Amanohashidate is one of Japan’s Top 3 views. Along with Miyajima and Matsushima, it is considered beautiful. In my previous posts, I have mentioned both Miyajima and Matsushima. I was awestruck by the beauty of Miyajima and let down by Matsushima. For the third year in a row, I went to visit one of Japan’s Top 3 views. This time, I went with no expectations at all. I was looking for a nice relaxing day and to just explore a remote area of Japan. Getting to Amanohashidate is much harder than Miyajima and Matsushima. Miyajima is difficult because you have to take a ferry. Matsushima is difficult because it’s located outside Sendai. Amanohashidate, however, is located far from Kyoto, and Kyoto is the nearest major city. In fact, Kyoto is closer to the Pacific Ocean, and Amanohashidate is located on the Sea of Japan coast. If you are travelling from Tokyo, expect to travel for roughly 5 hours. Bring a fully charged iPod and you’ll be okay.
Amanohashidate is famous because it’s a 3 km sand bar. Translated, Amanohashidate means “Bridge in Heaven”. The most famous thing to do, when visiting Amanohashidate is to venture up one of the nearby mountains, stand with your back facing the sand bar, and look at it from between your legs. This gives the impression that the sand bar is actually in heaven, or heading to heaven. You can do this on both sides of the sand bar, and it isn’t too expensive to head up. When you do head up, be sure to take the chair lift. It’s one of my favourite things to do in Japan. These chair lifts are not like your traditional ski lifts. Rather, they are simple chairs with almost no safety features whatsoever. It can be a little scary at first, but it’s such a peaceful ride that you’ll feel almost as if you were floating in the chair. Unfortunately, the views of the sand bar aren’t great from the chairlift. If you head up from Amanohashidate station, you’ll have a little luck as the top of the hill has a small, and I really mean small, amusement park. It’s probably great for kids, but for adults, it’s nothing special. You can easily spend an hour just relaxing and taking your time wandering the area.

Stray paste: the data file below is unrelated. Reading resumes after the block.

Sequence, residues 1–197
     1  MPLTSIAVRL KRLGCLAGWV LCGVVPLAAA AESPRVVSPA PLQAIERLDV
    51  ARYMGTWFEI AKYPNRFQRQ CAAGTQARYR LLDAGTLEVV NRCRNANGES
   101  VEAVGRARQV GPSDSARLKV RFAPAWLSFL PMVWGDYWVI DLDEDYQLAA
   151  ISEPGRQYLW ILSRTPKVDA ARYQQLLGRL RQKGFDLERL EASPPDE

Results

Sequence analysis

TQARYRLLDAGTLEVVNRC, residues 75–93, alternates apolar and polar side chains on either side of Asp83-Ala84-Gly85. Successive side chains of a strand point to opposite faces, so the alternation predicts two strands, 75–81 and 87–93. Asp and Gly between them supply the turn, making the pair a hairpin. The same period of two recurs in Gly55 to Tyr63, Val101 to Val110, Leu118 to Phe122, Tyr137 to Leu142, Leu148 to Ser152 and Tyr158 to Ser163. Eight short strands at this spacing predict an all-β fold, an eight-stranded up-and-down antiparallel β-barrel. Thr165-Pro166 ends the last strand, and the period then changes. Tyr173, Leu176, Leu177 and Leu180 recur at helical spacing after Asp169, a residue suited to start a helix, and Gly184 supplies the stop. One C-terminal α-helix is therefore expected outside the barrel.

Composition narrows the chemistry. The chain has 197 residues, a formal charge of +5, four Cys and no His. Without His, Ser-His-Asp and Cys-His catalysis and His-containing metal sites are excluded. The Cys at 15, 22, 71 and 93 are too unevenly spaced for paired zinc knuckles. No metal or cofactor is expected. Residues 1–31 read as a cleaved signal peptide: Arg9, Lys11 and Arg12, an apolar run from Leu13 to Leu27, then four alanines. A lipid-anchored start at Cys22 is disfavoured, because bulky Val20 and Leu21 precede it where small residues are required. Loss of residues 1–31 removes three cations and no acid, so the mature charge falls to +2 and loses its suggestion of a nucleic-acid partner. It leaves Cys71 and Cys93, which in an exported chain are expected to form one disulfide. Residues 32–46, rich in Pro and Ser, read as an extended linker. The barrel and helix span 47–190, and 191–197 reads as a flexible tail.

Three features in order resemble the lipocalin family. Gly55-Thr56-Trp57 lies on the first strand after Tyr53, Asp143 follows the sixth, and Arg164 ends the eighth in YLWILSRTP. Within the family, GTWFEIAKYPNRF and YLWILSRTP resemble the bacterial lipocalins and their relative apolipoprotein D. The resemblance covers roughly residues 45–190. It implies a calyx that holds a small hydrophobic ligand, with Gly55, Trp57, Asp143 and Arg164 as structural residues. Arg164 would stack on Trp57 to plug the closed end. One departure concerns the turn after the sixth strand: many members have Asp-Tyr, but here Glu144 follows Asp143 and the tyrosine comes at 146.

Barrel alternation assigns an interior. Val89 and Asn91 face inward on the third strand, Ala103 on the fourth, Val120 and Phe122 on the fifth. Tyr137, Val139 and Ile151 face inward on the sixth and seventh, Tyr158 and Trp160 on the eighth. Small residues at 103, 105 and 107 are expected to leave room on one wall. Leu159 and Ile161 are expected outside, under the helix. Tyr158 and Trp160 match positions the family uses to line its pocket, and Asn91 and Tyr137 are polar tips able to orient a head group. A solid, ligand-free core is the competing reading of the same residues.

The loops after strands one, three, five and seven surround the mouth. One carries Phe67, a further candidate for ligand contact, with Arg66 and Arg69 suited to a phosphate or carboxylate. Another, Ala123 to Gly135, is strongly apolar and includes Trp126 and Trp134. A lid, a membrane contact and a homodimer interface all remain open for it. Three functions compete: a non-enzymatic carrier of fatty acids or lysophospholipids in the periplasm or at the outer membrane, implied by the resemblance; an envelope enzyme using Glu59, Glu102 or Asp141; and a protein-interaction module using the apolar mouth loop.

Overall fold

When you finish looking at the sand bar and get tired of seeing the same static views, Chionji is the only notable temple around the station. It’s somewhat large for the population, but it isn’t bad. I’d say it’s worth checking out, and don’t worry about time. If you arrive on the late train, you’ll still have plenty of time to walk around the entire area as the first trains back to Kyoto aren’t until around dinner time. The temple itself, however, isn’t special. The main point of interest is probably the omikuji, fortunes. They come in small wooden fans which are pretty cute, and I’ve never seen them in that form before. From there, you can take a look at a type of key/lantern. Located next to the bridge leading to Amanohashidate is a key that looks similar to an Egyptian Key. Of course, it doesn’t look the same, but this key is supposed to bring luck for ships. Many people climb into it and enjoy a picture with it.